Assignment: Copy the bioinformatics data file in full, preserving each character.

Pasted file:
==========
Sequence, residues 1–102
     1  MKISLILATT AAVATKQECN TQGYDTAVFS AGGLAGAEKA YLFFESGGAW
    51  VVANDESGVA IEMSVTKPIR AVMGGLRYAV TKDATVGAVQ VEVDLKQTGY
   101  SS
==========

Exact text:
Sequence, residues 1–102
     1  MKISLILATT AAVATKQECN TQGYDTAVFS AGGLAGAEKA YLFFESGGAW
    51  VVANDESGVA IEMSVTKPIR AVMGGLRYAV TKDATVGAVQ VEVDLKQTGY
   101  SS